The other objections of the appellant we consider to be without merit and to require no discussion here. Counsel for appellant conceded upon the oral argument that if defendant was liable under the law, the judgment was not excessive. It, therefore, appears that substantial justice has been done between the parties.

The judgment is affirmed.

Brittain, J., and Haven, J., concurred.

A petition to have the cause heard in the supreme court, after judgment in the district court of appeal, was denied by the supreme court on October 9, 1919.

All the Justices concurred, except Olney, J., who was absent.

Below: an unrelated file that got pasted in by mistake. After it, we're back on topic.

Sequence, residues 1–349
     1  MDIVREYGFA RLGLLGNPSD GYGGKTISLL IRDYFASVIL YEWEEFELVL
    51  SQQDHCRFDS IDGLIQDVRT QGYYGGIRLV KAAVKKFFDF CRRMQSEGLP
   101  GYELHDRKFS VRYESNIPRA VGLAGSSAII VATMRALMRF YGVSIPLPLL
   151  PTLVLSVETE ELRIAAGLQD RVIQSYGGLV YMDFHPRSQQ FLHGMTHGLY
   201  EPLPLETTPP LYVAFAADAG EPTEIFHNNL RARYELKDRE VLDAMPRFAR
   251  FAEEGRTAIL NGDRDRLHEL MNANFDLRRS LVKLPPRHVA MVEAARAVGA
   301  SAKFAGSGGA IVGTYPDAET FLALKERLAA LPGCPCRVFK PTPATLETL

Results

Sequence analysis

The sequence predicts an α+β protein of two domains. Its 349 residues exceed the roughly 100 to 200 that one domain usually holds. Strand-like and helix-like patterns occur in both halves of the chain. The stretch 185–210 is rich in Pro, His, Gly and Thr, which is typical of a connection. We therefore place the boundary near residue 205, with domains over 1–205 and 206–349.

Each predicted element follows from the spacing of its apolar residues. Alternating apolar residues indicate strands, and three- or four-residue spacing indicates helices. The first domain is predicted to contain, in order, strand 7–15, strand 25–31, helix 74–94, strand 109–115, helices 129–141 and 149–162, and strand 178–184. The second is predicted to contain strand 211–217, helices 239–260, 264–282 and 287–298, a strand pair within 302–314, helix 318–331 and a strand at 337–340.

Summaries of

Royal Indemnity Company v. Midland Counties Public Service Corporation

Court of Appeal of California, First District, Division Two
Aug 12, 1919
42 Cal.App. 628 (Cal. Ct. App. 1919)
Case details for

Royal Indemnity Company v. Midland Counties Public Service Corporation

Case Details

Full title:ROYAL INDEMNITY COMPANY (a Corporation), Respondent, v. MIDLAND COUNTIES…

Court:Court of Appeal of California, First District, Division Two

Date published: Aug 12, 1919


42 Cal.App. 628 (Cal. Ct. App. 1919)
183 P. 960